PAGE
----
*. Samantha Eggar’s accent works because it makes her seem even more alien. That her parents don’t have accents is par for the course. Perhaps she’s a brood baby herself. In any event, she also looks impressively bat-shit crazy, while Oliver Reed looks suitably repressed, like someone who is barely maintaining a reluctant sobriety.
*. The rest of the cast are pretty solid. Even Candy (Cindy Hinds) is effectively creepy, while Art Hindle is about as straight an everyman as you could ask for (though his hair is improbably glorious, looking like something out of a shampoo commercial).
*. Roger Ebert thought it “reprehensible trash.” He also thought it “a bore . . . because hardly anything of interest happens until the last 15 minutes or so.” This is not true. There are several excellent suspense sequences that come before the end. As with his negative response to Blue Velvet, one feels a bit of a knee-jerk attitude toward violence.
*. But then who doesn’t have such a reaction? Violence isn’t doing its job in a film if it doesn’t make your knee jerk. This one certainly has that, and even more, it’s a movie that gets inside you.


Stop Me Before I Kill! (1960)


*. The title probably sounds familiar even if you’ve never heard of this movie (which you probably haven’t). In 1945 the serial killer William Heirens killed Frances Broan and wrote the following note in lipstick on a mirror in her apartment: “For heavens sake catch me before I kill more I cannot control myself.”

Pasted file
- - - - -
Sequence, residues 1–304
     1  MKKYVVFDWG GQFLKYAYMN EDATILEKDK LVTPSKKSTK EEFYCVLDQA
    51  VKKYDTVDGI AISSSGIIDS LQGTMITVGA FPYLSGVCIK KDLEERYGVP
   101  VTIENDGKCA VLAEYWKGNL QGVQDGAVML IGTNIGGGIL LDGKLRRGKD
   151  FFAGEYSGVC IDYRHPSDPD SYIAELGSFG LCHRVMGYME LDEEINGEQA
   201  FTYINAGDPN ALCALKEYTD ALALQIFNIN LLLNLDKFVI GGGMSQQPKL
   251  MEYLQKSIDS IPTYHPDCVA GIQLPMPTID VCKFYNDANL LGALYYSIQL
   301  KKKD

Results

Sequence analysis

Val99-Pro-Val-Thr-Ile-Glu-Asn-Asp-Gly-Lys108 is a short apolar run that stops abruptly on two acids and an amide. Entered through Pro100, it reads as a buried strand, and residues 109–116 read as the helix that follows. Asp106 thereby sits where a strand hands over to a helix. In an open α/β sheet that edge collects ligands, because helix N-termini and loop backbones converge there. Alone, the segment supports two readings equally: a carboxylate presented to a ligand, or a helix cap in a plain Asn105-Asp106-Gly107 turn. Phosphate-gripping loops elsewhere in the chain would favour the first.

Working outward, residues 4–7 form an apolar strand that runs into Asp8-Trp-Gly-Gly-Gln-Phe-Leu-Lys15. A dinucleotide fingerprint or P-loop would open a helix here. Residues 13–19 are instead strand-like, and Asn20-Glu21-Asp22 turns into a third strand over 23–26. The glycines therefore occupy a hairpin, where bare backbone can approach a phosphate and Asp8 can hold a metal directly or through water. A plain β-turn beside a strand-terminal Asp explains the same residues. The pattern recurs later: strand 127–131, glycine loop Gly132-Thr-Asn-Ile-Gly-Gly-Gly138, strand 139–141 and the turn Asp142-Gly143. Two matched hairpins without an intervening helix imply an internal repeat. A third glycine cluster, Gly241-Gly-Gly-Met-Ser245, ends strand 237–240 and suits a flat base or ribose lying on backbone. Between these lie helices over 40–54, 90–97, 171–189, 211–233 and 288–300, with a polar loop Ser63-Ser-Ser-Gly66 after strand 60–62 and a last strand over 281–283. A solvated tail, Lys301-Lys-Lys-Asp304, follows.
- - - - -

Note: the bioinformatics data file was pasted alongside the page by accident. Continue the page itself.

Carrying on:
*. It’s actually the U.S. alternative title. It was originally released in the U.K. as The Full Treatment, which is the name of the novel it was based on.
*. This is not a good movie, in any department. The exclamation mark in the U.S. title is totally unearned, suggesting a level of excitement that is never felt. But then I wonder how many really good movies there have been about psychiatrists. They always seem so earnest, and date so quickly.
*. It’s undone by its script, which, in typical Hammer psycho-thriller fashion, is heavily overwritten (talky, with a needlessly complex plot). I think they were going for a downscale version of Vertigo, which had just come out a couple of years earlier. But this movie is even more far-fetched. The psychology, for starters, is hard to buy into. Even if that “abreaction” technique were ever employed for such a purpose, I doubt it was used like it is here.